Markus Zusak’s I am the Messenger introduces Ed Kennedy, a quaint cab driver who had been routed to a series of addresses. His mission: to help the people at each address find their life’s purpose. But Ed isn’t doing this out of the goodness of his heart. An unknown source sent Ed the first playing card that started this game.
Days after being held at gunpoint during a bank robbery, Ed Kennedy was sent a mysterious playing card in the mail, inscribed with three addresses. Ed decided to go to each address and find out what he was expected to do. Throughout the entire process, Ed received minute hints from an unidentified source in accordance with each address, until Ed was able to decipher the clues on his own. After being dealt the one mysterious card, Ed had to deal the whole deck.
Although it tells a charming story and features memorable characters, the book lacks an argument, and has a ridiculously predictable ending.
After reading Markus Zusak’s The Book Thief, a novel which effervesced with historical significance, my expectations were high for I am the Messenger. Since the latter told a gutsy story about a young girl who stole books to preserve knowledge during the Holocaust, I had always pictured Zusak as a serious author who wrote for intricacy and intelligence, and not just for pure entertainment. But I am the Messenger didn’t measure up to the intelligent and emotionally moving Book Thief.
Despite a modern setting, I couldn’t wrap myself around this book; it was profusely predictable. The first few chapters intrigued, probably due to the playful Australian vernacular and Zusak’s raw humor. After Ed went to the first three addresses and mingled with the locales, I got in touch with my inner psychic and predicted the ending easily.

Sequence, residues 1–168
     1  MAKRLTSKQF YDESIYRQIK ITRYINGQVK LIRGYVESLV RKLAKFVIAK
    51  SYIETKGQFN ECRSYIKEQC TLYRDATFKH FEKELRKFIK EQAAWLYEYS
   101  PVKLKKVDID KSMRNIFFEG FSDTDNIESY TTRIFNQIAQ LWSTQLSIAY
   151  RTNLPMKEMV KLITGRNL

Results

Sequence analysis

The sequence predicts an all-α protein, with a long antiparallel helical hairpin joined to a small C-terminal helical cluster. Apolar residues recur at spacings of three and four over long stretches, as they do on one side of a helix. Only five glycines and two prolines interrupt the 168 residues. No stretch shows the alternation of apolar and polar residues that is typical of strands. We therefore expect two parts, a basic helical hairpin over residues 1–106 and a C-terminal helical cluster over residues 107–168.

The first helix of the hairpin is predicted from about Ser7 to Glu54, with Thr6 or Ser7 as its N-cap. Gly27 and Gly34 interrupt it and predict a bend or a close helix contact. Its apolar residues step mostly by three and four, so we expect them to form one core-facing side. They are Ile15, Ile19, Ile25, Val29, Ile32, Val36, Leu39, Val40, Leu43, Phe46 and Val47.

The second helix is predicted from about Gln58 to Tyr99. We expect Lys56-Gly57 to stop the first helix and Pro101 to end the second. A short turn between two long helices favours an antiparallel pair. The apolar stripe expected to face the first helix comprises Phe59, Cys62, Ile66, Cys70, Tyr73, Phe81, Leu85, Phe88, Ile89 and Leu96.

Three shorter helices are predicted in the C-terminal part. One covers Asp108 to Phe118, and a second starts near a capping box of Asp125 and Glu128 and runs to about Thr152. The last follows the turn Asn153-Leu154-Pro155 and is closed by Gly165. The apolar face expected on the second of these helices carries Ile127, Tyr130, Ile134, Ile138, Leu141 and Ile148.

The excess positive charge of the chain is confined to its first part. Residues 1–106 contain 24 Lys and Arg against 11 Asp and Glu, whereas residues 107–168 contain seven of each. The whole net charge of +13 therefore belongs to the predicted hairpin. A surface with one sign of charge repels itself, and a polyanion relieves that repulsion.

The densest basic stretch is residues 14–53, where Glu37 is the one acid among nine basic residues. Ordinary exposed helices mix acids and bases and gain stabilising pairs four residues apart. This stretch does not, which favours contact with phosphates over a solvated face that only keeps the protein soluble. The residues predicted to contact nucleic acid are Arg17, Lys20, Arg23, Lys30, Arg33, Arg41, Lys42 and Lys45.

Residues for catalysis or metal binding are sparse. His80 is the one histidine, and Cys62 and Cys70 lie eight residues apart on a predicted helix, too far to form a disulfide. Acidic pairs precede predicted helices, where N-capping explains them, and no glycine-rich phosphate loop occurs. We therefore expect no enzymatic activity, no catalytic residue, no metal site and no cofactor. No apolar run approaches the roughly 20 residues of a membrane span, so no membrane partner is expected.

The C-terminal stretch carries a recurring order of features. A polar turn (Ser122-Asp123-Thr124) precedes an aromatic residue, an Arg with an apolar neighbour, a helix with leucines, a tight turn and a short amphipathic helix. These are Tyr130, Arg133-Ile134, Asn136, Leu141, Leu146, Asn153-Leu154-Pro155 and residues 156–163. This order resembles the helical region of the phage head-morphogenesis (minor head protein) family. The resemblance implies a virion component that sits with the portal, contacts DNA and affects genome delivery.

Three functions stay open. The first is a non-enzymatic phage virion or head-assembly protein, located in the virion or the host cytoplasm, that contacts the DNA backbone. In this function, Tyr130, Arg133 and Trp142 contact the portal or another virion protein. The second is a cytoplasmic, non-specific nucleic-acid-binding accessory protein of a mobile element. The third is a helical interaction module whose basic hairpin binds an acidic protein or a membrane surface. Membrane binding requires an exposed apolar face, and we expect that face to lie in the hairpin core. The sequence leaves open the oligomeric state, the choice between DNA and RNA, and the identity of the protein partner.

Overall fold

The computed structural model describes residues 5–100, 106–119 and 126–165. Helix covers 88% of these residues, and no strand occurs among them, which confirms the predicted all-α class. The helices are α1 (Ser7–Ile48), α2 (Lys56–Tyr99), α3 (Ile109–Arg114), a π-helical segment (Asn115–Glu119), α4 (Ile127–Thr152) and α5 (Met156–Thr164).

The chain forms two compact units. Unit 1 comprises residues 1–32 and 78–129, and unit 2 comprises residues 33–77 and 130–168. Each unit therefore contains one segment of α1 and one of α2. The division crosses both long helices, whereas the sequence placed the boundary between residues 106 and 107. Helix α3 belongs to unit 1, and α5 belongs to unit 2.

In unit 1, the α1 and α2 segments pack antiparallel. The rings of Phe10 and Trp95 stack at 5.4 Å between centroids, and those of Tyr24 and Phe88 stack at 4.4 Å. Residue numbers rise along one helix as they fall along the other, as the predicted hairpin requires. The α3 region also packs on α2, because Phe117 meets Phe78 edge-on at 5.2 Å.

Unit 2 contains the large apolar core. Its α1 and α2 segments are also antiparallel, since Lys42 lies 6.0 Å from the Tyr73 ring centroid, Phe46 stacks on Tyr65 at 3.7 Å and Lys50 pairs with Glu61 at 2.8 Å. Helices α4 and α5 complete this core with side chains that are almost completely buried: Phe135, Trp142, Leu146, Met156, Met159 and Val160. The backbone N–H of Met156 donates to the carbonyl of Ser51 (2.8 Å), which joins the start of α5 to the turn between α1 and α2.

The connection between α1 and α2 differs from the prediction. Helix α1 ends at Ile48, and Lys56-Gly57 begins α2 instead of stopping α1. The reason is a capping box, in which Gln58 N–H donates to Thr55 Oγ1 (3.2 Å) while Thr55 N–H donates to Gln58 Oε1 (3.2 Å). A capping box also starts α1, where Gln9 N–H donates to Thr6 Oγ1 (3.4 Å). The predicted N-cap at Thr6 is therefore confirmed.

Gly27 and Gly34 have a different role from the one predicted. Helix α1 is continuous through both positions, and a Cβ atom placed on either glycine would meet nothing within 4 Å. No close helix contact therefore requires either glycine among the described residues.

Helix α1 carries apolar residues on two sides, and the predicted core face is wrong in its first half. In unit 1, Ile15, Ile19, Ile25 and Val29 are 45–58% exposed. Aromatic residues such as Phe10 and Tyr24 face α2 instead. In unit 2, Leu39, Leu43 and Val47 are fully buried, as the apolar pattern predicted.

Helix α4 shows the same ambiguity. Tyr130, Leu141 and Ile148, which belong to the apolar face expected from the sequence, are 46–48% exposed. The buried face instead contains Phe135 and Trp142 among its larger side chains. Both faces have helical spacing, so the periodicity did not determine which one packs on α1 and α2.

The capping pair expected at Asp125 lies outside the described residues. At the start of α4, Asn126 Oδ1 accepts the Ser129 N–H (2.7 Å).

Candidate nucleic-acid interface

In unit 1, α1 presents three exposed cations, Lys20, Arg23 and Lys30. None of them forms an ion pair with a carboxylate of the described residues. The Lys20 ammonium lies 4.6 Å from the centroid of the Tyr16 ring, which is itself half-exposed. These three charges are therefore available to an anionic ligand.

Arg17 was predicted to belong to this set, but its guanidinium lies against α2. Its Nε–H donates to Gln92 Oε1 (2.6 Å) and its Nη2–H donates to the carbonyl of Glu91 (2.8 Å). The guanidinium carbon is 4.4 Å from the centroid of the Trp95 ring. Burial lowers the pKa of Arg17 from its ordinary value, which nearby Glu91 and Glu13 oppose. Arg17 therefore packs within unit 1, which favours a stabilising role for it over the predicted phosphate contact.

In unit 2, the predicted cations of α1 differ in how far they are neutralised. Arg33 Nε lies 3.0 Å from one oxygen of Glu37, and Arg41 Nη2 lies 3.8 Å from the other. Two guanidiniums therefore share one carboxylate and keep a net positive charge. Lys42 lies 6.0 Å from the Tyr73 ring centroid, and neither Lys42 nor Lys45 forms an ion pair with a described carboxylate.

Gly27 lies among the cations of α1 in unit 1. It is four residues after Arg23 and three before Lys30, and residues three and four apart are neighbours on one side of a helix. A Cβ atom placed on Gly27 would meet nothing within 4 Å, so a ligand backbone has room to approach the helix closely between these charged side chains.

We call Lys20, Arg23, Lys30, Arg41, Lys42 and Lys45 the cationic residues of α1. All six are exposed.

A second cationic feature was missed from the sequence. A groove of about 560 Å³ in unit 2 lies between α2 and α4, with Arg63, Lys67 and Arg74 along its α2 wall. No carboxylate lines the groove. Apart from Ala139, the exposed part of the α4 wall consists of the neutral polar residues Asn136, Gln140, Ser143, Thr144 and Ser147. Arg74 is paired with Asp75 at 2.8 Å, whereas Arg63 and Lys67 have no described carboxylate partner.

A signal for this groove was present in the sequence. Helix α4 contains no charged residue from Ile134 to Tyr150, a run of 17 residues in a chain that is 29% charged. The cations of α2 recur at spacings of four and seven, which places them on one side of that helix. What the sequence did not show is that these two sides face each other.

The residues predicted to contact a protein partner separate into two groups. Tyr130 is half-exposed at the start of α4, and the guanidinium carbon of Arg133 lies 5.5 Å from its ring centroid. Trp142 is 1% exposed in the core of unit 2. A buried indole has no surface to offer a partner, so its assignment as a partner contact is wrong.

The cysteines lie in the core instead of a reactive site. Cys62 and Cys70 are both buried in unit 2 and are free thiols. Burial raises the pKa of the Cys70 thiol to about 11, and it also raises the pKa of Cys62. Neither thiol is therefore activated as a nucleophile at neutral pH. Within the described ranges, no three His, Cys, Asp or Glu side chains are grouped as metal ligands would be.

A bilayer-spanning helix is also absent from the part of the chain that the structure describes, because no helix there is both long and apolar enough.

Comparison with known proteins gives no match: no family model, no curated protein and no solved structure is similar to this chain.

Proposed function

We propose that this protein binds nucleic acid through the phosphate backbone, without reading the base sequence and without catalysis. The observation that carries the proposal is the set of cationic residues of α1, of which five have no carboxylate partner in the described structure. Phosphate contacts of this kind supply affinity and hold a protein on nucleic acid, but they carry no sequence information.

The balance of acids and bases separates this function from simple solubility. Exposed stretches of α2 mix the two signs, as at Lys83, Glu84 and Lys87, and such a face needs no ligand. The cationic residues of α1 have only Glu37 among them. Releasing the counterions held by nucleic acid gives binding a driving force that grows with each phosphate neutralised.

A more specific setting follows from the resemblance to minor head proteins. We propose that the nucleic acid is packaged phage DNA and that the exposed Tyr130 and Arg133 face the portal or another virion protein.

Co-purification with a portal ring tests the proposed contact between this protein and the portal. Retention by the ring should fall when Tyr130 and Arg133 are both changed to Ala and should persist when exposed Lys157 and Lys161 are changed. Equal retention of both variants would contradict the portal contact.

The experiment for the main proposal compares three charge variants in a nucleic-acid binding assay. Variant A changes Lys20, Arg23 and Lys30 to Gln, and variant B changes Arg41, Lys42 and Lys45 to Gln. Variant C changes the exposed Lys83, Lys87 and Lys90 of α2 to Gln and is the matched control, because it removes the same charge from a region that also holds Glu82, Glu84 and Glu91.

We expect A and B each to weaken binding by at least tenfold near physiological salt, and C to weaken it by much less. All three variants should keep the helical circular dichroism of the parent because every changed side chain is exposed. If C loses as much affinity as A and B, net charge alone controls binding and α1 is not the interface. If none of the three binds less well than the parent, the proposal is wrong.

Yet the childishly simple plot didn’t interfere with Zusak’s crude and penetrating characters. Zusak did an excellent job of making Ed honest, compatible, inexperienced, and timid. Moments such as when Ed shied away from the challenge and then found the courage to continue made him the perfect unlikely hero.
Ed and his best friends, Marv, Ritchie, and Audrey, seep into your soul, and seem familiar, but still original. Just like Ed, the close and relatable poker-playing quartet seemed like an ordinary group of people. By the end it was as if I was part of their group.
Ed’s adventures are heightened by his familiar personality, making us feel as if we are reading a personal narrative or diary entry rather than a novel. Ed is unmistakably genuine, so authentic and virtuous that his morals and self worth form the basis of the entire novel.
The book spins on an axle wound of selflessness and courage, two highly revered (and rather rare) qualities. Part of what makes this book appealing is the fact that it tries to instill these traits in you.
Though it has a plethora of humble details that make the novel appealing, Zusak’s unique and striking style wasn’t able to drag me away from the obvious conclusion.